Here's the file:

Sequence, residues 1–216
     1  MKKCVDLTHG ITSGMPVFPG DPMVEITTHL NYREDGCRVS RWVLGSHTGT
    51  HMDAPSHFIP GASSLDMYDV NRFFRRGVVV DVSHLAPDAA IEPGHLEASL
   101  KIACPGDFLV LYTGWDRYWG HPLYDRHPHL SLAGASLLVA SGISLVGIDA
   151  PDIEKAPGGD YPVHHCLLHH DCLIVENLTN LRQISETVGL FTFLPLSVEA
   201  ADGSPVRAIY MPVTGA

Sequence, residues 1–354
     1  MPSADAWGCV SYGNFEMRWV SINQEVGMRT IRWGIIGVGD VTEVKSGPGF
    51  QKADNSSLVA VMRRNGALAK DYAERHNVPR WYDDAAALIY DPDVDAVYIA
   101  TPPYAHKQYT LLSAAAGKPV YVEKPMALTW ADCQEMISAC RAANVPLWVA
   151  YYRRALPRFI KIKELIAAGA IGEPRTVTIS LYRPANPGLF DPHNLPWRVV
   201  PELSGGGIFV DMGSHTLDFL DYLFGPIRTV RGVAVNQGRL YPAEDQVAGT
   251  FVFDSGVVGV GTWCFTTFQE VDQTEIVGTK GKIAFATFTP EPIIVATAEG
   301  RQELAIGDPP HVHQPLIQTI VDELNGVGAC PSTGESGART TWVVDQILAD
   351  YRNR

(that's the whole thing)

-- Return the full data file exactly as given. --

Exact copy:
Sequence, residues 1–216
     1  MKKCVDLTHG ITSGMPVFPG DPMVEITTHL NYREDGCRVS RWVLGSHTGT
    51  HMDAPSHFIP GASSLDMYDV NRFFRRGVVV DVSHLAPDAA IEPGHLEASL
   101  KIACPGDFLV LYTGWDRYWG HPLYDRHPHL SLAGASLLVA SGISLVGIDA
   151  PDIEKAPGGD YPVHHCLLHH DCLIVENLTN LRQISETVGL FTFLPLSVEA
   201  ADGSPVRAIY MPVTGA

Sequence, residues 1–354
     1  MPSADAWGCV SYGNFEMRWV SINQEVGMRT IRWGIIGVGD VTEVKSGPGF
    51  QKADNSSLVA VMRRNGALAK DYAERHNVPR WYDDAAALIY DPDVDAVYIA
   101  TPPYAHKQYT LLSAAAGKPV YVEKPMALTW ADCQEMISAC RAANVPLWVA
   151  YYRRALPRFI KIKELIAAGA IGEPRTVTIS LYRPANPGLF DPHNLPWRVV
   201  PELSGGGIFV DMGSHTLDFL DYLFGPIRTV RGVAVNQGRL YPAEDQVAGT
   251  FVFDSGVVGV GTWCFTTFQE VDQTEIVGTK GKIAFATFTP EPIIVATAEG
   301  RQELAIGDPP HVHQPLIQTI VDELNGVGAC PSTGESGART TWVVDQILAD
   351  YRNR